Awakenings and Agnosticism: Tell Students of the Work of God

In his book Real Teens researcher George Barna tells the following story:

“Although her family was only nominally involved in the church, Jenny came to our youth group faithfully throughout her teenage years. She went on mission trips and attended Sunday school; she was a regular fixture in our program. We had been successful with Jenny, or so we thought.
Jimmy, on the other hand, never quite connected with our youth ministry. We rally worked to get him involved with our youth programs. He had no interest in retreats or mission trips; Sunday school bored him,; and youth groups seemed a little on the silly side for his taste. He sometimes attended another church across town. On my little scoreboard of kids we had been effective with, Jimmy was on the “lost” side.
“But Jimmy had one thing going for him–every Sunday, he was in worship–with his parents at our church or with his friends at another church. Jimmy didn’t need our outrageous and creative youth ministry to lead him to faith maturity.
“But for Jenny, our youth ministry was her only Christian connection. Unlike a real family, the youth group “family” forced her to resign when she was too old to fit the requirements. She now looks back on your youth group experience as . . . a fun, even laughable part of her past, but something that belongs exclusively in the realm of her teenage years.
“There is something wrong with the standard of success that prematurely rates a leader’s work with Jenny as the example of success and Jimmy’s as the example of failure.” (p. 113).

What do we really want to accomplish in student ministry? What do we want students to know about God? Last week I got an email from a former student who had just preached at a DNow. He had taken my spiritual awakening class and spoke to the students about the Jesus Movement. He told me no one there had any idea what that was and had virtually no idea what a spiritual awakening is.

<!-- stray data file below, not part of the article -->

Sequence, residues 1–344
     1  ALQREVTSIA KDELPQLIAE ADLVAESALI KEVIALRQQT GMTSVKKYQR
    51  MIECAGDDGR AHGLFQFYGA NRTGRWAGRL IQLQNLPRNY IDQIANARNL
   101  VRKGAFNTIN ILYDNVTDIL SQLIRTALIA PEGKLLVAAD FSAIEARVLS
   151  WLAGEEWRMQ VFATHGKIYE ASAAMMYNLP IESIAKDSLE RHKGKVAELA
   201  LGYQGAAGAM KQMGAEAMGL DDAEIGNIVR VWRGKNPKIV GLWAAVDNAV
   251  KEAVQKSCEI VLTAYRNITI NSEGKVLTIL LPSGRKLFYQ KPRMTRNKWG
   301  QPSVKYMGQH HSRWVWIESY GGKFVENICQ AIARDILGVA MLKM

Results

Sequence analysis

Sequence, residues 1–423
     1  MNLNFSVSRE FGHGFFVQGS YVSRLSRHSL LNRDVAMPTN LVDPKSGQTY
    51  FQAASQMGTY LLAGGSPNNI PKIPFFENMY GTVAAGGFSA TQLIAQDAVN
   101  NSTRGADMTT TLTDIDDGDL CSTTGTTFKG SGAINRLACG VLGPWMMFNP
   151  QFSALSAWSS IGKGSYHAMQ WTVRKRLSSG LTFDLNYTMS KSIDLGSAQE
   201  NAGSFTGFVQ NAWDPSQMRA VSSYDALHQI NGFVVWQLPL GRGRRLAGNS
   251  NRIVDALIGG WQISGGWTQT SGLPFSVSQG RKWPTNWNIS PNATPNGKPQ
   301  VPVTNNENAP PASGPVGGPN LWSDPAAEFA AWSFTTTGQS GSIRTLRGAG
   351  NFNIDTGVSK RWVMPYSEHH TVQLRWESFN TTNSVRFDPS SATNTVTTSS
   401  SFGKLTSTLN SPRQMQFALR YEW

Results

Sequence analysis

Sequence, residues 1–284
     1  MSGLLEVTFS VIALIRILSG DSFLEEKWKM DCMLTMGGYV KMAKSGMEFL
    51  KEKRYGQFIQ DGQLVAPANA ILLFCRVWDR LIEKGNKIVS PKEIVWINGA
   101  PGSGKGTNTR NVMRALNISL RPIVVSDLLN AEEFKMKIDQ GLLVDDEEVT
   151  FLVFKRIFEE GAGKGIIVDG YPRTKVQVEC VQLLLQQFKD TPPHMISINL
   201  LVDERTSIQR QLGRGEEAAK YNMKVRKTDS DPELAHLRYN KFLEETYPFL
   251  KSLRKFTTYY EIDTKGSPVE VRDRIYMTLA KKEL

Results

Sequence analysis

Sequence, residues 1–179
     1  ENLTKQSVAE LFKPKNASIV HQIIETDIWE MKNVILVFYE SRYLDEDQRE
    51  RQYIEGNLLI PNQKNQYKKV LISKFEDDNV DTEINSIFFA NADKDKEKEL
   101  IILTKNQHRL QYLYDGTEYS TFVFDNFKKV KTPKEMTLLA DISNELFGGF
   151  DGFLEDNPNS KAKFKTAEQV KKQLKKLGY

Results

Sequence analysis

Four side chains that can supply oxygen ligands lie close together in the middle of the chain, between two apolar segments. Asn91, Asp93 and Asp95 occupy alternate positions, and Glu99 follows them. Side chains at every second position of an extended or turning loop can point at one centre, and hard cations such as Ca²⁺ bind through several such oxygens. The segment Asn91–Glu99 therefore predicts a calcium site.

We have a generation of Millennials who are weary of institutional faith but have never seen God move in power. We do not manufacture a movement of God, but does the work of God, the life-changing, gospel-empowered work of God have a priority as we minister to the next generation?

Have you ever lived in a town where half the people who lived there became radical, Fanatical followers of Jesus in a couple of years time? Probably not. Have you lived in a neighborhood where instead of sports, clothes, or cars, the subject of conversation by just about everyone was Jesus? Doubt it. But that was the kind of world Jonathan Edwards found himself in back about 250 years ago.

You see, in the eighteenth century God shook the American colonies in a revival movement known as the First Great Awakening. Edwards wrote a treatise entitled Some Thoughts Concerning the Present Revival of Religion in New England, written to describe and defend the movement. This young pastor (he was 31 when the first waves of revival came to Northampton) also noticed something many ministers have failed to notice since – when God begins a new movement of His Spirit, he often uses young people at the heart of it. Note his comment about the great revival he observed:

“The work has been chiefly amongst the young; and comparatively but few others have been made partakers of it. And indeed it has commonly been so, when God has begun any great work for the revival of his church; he has taken the young people, and has cast off the old and stiff-necked generation.” (Works of Edwards, I:423)

Stern words for our day as well!

Edwards had the ability to examine the culture of his day and apply biblical truth to it. Edwards observed what most to this day do not; namely, arguably the most overlooked aspect of revival movements in history is the role of youth.